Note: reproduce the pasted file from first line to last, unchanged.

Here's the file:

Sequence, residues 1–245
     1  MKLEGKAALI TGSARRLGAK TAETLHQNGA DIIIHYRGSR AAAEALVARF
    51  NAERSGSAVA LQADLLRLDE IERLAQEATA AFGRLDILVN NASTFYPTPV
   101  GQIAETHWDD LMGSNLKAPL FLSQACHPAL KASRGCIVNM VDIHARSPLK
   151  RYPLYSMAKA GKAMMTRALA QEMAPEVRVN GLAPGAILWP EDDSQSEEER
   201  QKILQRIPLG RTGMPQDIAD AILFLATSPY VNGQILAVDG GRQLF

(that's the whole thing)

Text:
Sequence, residues 1–245
     1  MKLEGKAALI TGSARRLGAK TAETLHQNGA DIIIHYRGSR AAAEALVARF
    51  NAERSGSAVA LQADLLRLDE IERLAQEATA AFGRLDILVN NASTFYPTPV
   101  GQIAETHWDD LMGSNLKAPL FLSQACHPAL KASRGCIVNM VDIHARSPLK
   151  RYPLYSMAKA GKAMMTRALA QEMAPEVRVN GLAPGAILWP EDDSQSEEER
   201  QKILQRIPLG RTGMPQDIAD AILFLATSPY VNGQILAVDG GRQLF